On the other hand, we have leaders among us who are totally dedicated to the collective economic advancement of African Americans. These are the ones who are usually sacrificed by Black people -- thrown out because they are a threat to the establishment or because they are "too Black." That frightens some people and, sadly, we play into that fear by participating in the demise of the very people who would help pull us out of our economic ditch.

This is not conjecture; I speak from personal experience. In my hometown, I have witnessed the "death" of brothers and sisters who go all out for their people, do not take sell-out bribes, do not back off when it comes to speaking up for Black people, and are unafraid to be Black. These conscious brothers and sisters are virtually thrown-out, in many cases simply because someone from the establishment thought they were crossing the line and getting out of their place. They are let down by the very brothers and sisters they have helped. Through our acquiescence and apathy many of us turn our heads, afraid to speak up for the ones who speak out for us.

I have, on the other hand, seen certain folks stroll through our communities and be held up as paragons of Black liberation, all the while filling their pockets with the filthy lucre from their sell out deals with the powers that be. They lurk in the shadows, afraid to come out in the open, and use lackeys to promote their causes. They have their hands in every deal, every program, every transaction, and every scenario that involves Black people, making certain that they will be the first in line to be paid. They rob the community and blame that same community for not moving forward. How can we move forward with crooks like these among us?

These are the ones we should throw away. These are the ones from whom we must run. These are the very ones who will continue to hold us back because they will sell us out for their individual benefit and acclaim. The saddest aspect of this reality is that we accept it. For years we have seen the same persons in our neighborhoods and our communities selfishly plot and scheme to fill their pockets and then make some shallow overture to their brothers and sisters who ignorantly hold them in high esteem.

We have seen these people move up, economically, while those they are suppose to be helping move further away from the realization of their economic dreams. We have also seen the brothers and sisters in the opposite category fade into oblivion, never to be heard from again. And then, more times than not, we sit around and reminisce about not having listened to them and not having followed their prescriptions for collective economic success.

We must learn, as a people, to identify, respect, and follow our true leaders. Heed the words of Carter G. Woodson and do not be swayed and mesmerized by charisma and rhetorical ranting. Fake leaders are very good at the things that will not take Black people where we need to go, especially economically. They will not and cannot put the collective first because they are too wrapped up in themselves. It makes me wonder if they ever think about death, responsibility, legacy, and accountability. They may not have to account for their actions to us, but one day that accountability will come. Most of us would be fearful of that day. But these fake leaders not only have no consciousness, they have no conscience. So what do we do about these people? The first thing to do is look at what they have done for our people - not what they have said, but what they have done. Look behind the deals they bring you; see who else is in support of them. Check them out completely before you place your confidence and trust in them. If they are using you to do their dirty work, afraid themselves to come out in the open and speak, be wary of them. They mean you no good. If you see their fingerprints on everything that has money attached to it, none or very little of which is being used to truly empower our people, watch out. It's very likely they are getting theirs off the top (and probably off the bottom as well) leaving very little for you. Look for the common thread that always leads back to this person. After a while you will be able to discern the nuances and modus operandi of this person because he will do the same things, say the same things, plan the same things, and always have his hand out for his cut. Let's begin to throw the scoundrels out, as they say in political circles. Those who are dedicated to serving rather than merely appointing themselves as leaders (or being appointed by white folks) are the “keepers.”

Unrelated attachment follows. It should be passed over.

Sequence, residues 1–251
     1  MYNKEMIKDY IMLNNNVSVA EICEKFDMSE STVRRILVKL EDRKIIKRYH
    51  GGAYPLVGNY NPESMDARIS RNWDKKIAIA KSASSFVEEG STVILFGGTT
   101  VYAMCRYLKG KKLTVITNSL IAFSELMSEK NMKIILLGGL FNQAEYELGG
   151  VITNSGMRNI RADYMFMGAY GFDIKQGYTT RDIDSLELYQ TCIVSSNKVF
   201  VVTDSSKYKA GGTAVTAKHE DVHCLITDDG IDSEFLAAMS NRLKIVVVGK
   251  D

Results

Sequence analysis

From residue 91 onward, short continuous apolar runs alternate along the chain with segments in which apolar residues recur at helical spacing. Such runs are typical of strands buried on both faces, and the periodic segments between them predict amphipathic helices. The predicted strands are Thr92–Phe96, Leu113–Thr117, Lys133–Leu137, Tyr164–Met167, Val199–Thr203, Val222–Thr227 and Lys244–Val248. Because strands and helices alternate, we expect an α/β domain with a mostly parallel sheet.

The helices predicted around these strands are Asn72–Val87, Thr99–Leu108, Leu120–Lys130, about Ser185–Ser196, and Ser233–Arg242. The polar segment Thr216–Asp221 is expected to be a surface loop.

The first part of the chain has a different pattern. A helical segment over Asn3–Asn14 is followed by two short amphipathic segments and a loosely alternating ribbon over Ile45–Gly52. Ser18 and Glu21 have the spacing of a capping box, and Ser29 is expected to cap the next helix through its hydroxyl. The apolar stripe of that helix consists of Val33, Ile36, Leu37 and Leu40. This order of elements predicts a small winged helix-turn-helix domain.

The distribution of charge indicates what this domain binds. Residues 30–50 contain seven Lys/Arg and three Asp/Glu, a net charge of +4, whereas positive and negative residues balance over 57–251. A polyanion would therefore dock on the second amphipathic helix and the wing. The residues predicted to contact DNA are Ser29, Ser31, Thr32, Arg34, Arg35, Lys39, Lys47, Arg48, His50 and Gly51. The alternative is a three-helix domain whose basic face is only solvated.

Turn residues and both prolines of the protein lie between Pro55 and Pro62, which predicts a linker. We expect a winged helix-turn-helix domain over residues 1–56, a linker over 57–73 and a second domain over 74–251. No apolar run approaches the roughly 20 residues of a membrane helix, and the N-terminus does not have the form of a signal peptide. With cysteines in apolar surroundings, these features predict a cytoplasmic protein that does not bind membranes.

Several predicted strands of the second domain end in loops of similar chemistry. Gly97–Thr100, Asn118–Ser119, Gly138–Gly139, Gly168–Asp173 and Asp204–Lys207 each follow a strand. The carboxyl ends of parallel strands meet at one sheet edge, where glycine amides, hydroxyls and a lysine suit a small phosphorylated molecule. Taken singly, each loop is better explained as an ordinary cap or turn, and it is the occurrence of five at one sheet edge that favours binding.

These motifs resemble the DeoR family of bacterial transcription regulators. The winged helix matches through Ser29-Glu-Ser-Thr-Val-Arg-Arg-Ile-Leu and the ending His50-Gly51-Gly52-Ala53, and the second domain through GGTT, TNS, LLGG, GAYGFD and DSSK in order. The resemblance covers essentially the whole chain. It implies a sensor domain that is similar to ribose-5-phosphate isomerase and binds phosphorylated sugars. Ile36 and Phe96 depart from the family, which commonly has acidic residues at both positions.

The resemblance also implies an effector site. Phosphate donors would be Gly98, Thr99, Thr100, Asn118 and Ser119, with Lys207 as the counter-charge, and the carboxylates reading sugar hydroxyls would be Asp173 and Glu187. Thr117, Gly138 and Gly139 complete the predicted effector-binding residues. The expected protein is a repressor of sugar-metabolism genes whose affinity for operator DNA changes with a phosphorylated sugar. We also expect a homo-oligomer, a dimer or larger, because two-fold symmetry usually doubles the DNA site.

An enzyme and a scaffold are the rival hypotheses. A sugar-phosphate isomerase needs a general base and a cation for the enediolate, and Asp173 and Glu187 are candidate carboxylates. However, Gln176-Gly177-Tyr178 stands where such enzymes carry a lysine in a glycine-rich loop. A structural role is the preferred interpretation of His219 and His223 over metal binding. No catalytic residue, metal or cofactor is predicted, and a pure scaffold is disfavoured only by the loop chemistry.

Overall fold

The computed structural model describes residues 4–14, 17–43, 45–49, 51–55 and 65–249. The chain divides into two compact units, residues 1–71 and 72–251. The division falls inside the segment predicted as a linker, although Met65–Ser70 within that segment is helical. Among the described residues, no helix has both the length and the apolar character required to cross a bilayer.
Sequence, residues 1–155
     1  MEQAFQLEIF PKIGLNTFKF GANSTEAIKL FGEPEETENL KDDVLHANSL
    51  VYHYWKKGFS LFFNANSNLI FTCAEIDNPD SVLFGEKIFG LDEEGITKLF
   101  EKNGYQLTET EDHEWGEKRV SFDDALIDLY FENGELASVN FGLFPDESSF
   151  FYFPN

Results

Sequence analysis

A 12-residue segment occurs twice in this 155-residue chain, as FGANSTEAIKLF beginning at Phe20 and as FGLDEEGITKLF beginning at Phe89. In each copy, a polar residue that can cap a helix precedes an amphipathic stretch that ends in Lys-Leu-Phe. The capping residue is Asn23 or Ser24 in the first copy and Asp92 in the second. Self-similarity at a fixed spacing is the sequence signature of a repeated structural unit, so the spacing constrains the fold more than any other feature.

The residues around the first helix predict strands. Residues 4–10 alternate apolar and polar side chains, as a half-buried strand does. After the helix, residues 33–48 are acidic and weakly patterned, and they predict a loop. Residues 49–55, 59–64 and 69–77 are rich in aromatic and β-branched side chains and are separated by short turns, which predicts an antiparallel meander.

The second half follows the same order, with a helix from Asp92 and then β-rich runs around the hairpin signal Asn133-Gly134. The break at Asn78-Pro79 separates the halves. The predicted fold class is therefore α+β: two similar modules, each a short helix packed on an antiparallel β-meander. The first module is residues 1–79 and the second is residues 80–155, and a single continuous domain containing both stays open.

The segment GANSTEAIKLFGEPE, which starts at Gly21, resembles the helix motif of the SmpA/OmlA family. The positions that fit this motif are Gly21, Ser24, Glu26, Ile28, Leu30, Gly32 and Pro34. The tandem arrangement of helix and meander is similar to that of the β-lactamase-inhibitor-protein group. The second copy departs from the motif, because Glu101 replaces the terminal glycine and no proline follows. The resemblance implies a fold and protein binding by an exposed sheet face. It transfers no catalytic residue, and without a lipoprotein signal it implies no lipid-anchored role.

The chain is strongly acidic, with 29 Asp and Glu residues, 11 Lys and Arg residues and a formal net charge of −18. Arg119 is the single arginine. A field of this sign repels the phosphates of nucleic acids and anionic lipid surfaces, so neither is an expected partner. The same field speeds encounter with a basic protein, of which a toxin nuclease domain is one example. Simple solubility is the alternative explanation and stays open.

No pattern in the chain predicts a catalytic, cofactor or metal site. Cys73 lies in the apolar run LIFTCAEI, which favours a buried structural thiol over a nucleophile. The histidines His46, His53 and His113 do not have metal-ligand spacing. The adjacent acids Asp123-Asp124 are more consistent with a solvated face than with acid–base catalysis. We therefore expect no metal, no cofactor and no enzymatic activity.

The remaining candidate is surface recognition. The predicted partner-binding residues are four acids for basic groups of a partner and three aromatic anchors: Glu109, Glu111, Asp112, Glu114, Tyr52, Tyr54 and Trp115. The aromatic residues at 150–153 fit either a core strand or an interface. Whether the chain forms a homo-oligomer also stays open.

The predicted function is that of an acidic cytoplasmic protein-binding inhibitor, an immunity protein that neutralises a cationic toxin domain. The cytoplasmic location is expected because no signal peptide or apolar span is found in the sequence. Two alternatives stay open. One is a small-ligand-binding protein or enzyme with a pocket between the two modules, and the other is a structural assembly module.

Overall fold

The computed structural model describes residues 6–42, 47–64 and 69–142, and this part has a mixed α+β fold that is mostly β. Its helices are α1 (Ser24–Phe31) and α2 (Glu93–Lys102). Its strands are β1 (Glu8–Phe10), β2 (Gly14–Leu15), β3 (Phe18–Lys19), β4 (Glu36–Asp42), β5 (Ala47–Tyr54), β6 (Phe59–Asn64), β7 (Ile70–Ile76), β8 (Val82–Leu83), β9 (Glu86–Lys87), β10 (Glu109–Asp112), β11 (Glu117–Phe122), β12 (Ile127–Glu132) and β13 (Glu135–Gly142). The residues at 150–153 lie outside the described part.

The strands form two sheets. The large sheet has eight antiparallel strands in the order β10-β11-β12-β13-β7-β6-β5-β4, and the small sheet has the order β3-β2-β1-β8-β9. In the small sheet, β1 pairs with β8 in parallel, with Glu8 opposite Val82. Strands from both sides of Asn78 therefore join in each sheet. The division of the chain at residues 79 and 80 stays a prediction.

Would African Americans Still Be A Minority Group?

By Reverend Edward K. Braxton, Ph.D., S.T.D.

Special to The Dayton Defender – Permission given to reprint article from July 1989

(July 1989) – One of the most significant consequences of the current discussion of the name African American might be a greater awareness of the subtle racism that is often implicit, even if unintentional, in the way the words “minority” and “minority groups” are used.  Ordinarily, minority means that one group consists of fewer members than another group whose larger number constitutes it as the majority.  For example, “Only a minority of the world’s nations have nuclear capability.”  However, when used in reference to race and ethnicity, the word can be subtly shaded.

In the United States when the term “minorities” is used, it frequently is presumed to refer primarily to certain groups: people of African, Hispanic, or Asian origins.  More recently it has come to include Native Americans.  However, it is rarely used in references to other groups such as Indian, Japanese or Jewish people, though the size of each group is far smaller than the African American population.  Why is it that these groups are not often referred to as minorities?